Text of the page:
Steph Davis: From first marathon to Olympic marathon in three short years

Women's marathon winner Stephanie Davis celebrates after winning British Athletics Marathon Trials at Kew Gardens on March 26, 2021. (Photo by Tom Dulat - British Athletics/British Athletics via Getty Images)
Women's marathon winner Stephanie Davis celebrates after winning British Athletics Marathon Trials at Kew Gardens on March 26, 2021. (Photo by Tom Dulat - British Athletics/British Athletics via Getty Images)

A little over three years ago, Team GB's Steph Davis was a seasonal runner, training twice a week when the "weather was nice". Fast forward to 2021 and the Scottish athlete is less than three months away from her first Olympics. Tokyo 2020 caught up with the marathon specialist to talk about her rapid rise to the pinnacle of athletics. 

Straight to the top

It's perhaps an overstatement to say that Steph Davis, Great Britain's marathon trials winner and soon-to-be-Olympian, came out of nowhere. But it's safe to say that this was one of the speediest rises to the top of a sport in living memory.

Three years ago, Davis had never run a marathon. She was what she calls a "seasonal runner", training twice a week when the sun was out and then hibernating in the gym during the cold winter months.

"It wasn't until about three years living in London that a colleague at work suggested I come down to Clapham Chasers, the club I'm with now," explained Davis in an exclusive interview with Tokyo 2020, looking back at her initiation into the world of serious running. "I guess I was doing seasonal running – I would go in the summer when the weather was nice."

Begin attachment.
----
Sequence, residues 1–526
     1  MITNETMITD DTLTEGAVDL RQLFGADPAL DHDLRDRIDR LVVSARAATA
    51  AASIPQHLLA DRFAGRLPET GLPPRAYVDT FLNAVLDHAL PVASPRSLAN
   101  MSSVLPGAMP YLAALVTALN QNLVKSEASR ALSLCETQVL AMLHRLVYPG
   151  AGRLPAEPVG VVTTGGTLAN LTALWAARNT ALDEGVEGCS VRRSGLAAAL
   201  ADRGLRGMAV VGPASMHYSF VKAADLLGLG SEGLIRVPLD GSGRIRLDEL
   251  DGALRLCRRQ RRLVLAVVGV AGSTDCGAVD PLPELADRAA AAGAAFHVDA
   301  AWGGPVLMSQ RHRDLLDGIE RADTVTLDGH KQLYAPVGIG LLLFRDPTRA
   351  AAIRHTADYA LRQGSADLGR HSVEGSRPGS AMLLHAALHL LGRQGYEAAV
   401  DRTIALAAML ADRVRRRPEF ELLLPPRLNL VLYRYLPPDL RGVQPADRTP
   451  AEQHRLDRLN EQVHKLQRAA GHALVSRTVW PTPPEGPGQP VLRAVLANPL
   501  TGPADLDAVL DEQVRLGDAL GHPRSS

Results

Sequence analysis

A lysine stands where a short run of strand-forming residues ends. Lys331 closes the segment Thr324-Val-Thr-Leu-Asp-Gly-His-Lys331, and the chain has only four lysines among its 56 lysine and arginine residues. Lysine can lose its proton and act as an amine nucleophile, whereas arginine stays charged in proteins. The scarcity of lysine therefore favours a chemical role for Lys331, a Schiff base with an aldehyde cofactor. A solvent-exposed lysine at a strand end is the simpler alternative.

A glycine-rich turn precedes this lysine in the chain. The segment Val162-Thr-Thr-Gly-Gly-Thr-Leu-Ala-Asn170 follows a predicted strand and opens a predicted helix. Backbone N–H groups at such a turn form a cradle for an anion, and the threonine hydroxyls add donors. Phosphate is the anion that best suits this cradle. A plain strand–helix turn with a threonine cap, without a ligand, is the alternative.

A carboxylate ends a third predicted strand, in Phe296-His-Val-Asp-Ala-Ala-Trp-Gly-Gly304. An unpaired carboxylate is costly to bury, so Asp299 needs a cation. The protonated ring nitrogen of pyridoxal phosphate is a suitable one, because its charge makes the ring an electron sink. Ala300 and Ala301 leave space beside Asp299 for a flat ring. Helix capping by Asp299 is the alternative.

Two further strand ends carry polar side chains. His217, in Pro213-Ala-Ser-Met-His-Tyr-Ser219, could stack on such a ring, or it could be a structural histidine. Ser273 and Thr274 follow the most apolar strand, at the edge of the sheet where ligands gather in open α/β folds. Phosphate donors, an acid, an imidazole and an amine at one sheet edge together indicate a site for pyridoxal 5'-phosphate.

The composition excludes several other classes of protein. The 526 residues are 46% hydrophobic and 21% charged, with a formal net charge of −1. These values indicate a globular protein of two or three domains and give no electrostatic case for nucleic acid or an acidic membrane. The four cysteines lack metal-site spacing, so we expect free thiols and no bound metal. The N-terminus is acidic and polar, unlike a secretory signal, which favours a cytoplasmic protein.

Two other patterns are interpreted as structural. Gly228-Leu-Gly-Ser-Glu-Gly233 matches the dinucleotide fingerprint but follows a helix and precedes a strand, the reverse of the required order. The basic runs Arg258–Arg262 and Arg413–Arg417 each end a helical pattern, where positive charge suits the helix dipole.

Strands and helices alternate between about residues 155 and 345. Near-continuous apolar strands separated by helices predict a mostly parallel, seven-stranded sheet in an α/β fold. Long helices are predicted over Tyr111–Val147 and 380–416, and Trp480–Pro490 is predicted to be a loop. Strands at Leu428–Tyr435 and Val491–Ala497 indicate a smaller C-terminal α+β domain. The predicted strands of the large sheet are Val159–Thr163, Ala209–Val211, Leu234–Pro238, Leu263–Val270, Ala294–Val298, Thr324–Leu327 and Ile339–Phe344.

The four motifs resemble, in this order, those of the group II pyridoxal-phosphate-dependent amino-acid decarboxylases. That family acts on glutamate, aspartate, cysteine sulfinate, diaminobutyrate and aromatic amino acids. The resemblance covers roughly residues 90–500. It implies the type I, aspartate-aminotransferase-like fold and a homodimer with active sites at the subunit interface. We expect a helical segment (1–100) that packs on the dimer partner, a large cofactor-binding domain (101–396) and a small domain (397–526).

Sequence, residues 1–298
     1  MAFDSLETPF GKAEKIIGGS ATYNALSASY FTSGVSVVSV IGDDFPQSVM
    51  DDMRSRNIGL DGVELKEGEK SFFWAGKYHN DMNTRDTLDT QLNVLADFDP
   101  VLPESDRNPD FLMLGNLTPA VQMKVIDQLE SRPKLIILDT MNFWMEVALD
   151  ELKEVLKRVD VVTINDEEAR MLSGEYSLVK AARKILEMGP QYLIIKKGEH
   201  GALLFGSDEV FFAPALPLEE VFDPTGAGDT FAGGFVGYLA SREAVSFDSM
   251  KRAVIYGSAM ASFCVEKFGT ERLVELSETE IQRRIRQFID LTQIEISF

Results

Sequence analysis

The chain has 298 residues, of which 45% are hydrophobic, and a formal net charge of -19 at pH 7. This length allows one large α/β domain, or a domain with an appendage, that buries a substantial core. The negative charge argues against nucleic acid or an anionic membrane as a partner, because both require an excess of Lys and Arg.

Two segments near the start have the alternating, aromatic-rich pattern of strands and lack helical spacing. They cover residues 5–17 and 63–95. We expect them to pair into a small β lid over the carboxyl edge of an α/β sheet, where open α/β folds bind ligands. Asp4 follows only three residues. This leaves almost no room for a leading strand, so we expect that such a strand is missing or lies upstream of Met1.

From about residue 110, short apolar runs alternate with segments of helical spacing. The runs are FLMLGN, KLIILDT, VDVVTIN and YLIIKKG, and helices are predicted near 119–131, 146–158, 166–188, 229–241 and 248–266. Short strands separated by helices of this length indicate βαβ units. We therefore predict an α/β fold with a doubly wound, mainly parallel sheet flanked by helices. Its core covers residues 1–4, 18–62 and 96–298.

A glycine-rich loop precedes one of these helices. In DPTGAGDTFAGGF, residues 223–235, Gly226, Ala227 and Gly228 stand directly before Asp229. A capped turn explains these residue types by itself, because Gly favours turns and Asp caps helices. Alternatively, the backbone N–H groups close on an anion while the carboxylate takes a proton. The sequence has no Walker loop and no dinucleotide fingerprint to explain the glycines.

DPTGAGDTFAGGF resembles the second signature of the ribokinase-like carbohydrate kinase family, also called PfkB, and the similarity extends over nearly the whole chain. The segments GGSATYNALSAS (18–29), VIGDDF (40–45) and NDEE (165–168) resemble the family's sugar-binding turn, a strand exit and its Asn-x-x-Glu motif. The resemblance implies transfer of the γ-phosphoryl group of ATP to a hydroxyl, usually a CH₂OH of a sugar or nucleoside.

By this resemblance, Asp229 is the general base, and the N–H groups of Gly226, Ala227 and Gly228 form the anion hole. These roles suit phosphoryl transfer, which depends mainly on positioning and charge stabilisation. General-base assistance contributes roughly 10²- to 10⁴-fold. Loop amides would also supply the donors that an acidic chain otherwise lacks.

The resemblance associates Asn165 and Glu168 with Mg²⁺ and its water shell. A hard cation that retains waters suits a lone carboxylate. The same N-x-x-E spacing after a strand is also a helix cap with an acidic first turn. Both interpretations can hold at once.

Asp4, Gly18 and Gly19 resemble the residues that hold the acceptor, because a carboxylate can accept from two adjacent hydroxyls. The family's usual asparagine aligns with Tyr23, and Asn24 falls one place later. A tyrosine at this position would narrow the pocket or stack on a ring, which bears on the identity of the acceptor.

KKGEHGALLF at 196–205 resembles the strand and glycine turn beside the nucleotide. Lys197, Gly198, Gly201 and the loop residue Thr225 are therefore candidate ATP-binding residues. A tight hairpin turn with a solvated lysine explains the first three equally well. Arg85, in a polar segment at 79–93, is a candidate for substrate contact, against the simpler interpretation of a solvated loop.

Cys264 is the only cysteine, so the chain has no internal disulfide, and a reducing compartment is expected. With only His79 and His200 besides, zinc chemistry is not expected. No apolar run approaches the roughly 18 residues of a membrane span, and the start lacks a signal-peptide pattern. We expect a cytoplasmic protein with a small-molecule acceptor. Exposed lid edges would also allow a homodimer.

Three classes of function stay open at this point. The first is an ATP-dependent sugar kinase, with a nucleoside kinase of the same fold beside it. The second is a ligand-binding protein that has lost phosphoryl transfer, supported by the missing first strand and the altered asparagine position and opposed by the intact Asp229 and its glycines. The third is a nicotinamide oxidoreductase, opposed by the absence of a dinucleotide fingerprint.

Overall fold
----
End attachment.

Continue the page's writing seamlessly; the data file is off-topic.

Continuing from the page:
It was Davis's boyfriend who suggested she try a marathon for the first time, which just happened to be the 2018 Berlin Marathon – a race that has gone down in history as the location Eliud Kipchoge set the current world record of 2:01:39 a year later in 2019.

Davis's time that day was a hugely respectable 2:41:16. But just three years later, she would knock precisely 14 minutes off of that mark to qualify for the Olympic Games in Tokyo.

It was a lightning-fast rise to the elite echelons of marathon running. And she got there in a less-than conventional way.

Low mileage training pays off in spades

Preparing for that first marathon in Berlin gave Davis something she had been missing up until that point: a personalised training plan.

"That was my first programme that was unique and specific to me," she remembered. "And I really loved it! I really enjoyed the structure and the plan."

But the initial plan that was handed to her – heavy on weekly mileage in a way typical to elite distance runners – seemed like too much of a jump for someone who until that point had only been running twice or three times a week. Davis returned to her coach and asked him if they could adjust the plan to something that wasn't so overwhelming.

"We just found a balance where we started increasing my mileage and then adding in the cross training," she said. "And that routine just kind of stayed."

It's a formula that, while unconventional, has clearly worked wonders for an athlete who is on the cusp of representing her country in Tokyo. But what does her training routine look like these days?

"In London [the 2019 London Marathon], I ran 2:32 and I did that off of cross training and running 55 miles (88 km) on average for the whole block. We just thought we shouldn't really change things too drastically if it's working and so we just stuck with it."